It’s no secret that the general public holds the U.S. military in high esteem. This can be a big advantage for any military veterans considering running for office, but is it enough to get you elected?
The approval rating for the military and its veterans is currently much higher than the approval ratings of Congress and most elected representatives. This is a reflection of the respect that veterans have earned for their hard work and sacrifice, and it can be a great asset for any veteran running for office. Let’s be honest, it certainly doesn’t hurt!
However, despite this massive advantage, it’s by no means a “golden ticket” to getting elected. Many veterans still face an uphill battle when running for office, particularly at the state and federal level. Why is this?
Military Veterans and Election Results
In 2017, Jeremy Teigan did a deep dive into the concept of military veterans and their election results for the Washington Post. Despite the declining number of veterans serving in Congress since the 1970s, these individuals still have plenty of potential and experience backing them up – so how can veterans be more successful in their election campaigns? Teigan wanted to find out what the numbers had to say.
If you’re considering a run for office at the local, state, or federal level, it’s important to know how your district leans so you know what you’re up against. In Teigan’s research, he found that many veterans were struggling to gain traction when running as Democrats in Republican-leaning districts. The same can also be true for veterans running as Republicans in Democratic-leaning districts.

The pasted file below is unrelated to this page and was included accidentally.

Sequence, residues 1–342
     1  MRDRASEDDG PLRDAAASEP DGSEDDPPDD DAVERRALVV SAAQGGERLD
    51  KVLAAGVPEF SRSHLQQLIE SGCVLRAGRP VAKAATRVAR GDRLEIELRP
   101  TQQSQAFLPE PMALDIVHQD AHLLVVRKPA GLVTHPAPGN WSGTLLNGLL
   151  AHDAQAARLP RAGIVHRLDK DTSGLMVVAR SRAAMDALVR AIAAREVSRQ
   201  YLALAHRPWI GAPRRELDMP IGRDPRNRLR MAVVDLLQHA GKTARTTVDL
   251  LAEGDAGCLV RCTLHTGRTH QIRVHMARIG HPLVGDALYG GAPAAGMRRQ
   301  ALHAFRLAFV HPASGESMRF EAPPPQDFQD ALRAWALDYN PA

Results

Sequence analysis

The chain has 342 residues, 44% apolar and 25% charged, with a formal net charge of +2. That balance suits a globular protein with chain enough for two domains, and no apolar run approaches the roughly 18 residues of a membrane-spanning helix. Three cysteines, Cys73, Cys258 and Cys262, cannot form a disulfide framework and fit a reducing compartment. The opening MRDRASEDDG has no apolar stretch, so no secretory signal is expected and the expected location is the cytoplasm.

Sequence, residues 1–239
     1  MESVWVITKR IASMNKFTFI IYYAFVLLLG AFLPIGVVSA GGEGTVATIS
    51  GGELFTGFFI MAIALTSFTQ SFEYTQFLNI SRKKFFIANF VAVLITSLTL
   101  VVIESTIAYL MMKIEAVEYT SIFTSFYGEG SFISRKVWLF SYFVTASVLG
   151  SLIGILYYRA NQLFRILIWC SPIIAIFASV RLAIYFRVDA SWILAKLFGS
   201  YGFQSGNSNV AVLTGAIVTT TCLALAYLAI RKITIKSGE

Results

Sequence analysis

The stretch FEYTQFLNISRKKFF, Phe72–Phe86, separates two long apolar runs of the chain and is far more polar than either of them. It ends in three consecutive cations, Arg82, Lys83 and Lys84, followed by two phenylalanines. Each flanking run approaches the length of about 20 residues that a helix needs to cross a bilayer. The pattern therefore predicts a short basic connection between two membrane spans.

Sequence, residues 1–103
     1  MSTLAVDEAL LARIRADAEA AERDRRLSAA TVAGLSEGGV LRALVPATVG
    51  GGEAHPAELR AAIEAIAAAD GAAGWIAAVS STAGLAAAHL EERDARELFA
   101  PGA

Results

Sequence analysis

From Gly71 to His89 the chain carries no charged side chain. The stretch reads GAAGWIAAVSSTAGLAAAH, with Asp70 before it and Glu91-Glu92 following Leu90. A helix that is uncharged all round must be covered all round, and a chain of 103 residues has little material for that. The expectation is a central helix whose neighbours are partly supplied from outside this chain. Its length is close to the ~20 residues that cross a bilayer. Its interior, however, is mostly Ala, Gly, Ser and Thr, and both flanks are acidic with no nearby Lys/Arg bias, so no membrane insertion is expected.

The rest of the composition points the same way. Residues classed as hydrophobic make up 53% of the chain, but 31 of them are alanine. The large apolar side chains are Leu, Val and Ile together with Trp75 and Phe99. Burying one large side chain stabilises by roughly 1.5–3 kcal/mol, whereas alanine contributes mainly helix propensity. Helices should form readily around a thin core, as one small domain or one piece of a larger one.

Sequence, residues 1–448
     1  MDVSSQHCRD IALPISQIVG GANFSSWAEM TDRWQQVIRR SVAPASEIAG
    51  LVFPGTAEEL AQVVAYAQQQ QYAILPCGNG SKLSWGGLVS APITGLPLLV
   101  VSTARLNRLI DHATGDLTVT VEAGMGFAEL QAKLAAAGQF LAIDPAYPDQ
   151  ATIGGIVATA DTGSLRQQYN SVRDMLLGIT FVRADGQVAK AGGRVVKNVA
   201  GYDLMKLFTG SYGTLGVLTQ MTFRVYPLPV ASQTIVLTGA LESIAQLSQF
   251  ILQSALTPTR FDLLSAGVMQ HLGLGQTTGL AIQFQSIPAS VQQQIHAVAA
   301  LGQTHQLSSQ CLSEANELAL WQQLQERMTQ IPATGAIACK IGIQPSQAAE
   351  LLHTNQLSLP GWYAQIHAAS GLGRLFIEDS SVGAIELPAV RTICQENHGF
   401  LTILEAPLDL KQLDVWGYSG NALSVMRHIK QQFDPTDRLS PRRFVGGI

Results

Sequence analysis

Despite having the advantage of honorable military experience on their side, many veterans were running in districts where they the other political party had a 3 percent or larger advantage at the start of the campaign. Combine this with the added battle of running against an incumbent and the odds were definitely not in their favor.
In general, veteran hopefuls tend to do better in “purple” states that have shown support for both Democratic and Republican candidates and who tend to favor less polarizing platforms.
Does Military Experience Really Lead to More Votes?
Although it can be a big difference maker during primary elections, being a veteran does not provide a vote “bump” in general elections the same way a party affiliation does. Many voters will view a veteran or military-experienced candidate with respect, but that alone doesn’t lead to more votes.
In districts where the odds of winning are even for both parties (“purple districts”), then military experience can be an asset to be leveraged during the campaign in order to help boost respect and credibility. However, the data shows that if you are a veteran running uphill in a district that favors the other party, military experience has not proven to be enough to fill the starting vote gap.
For veterans, having a presence in politics is important and often serves as an act of “Second Service” once they have completed their tenure in the military. But where does a veteran even begin to start the process of running? Read here.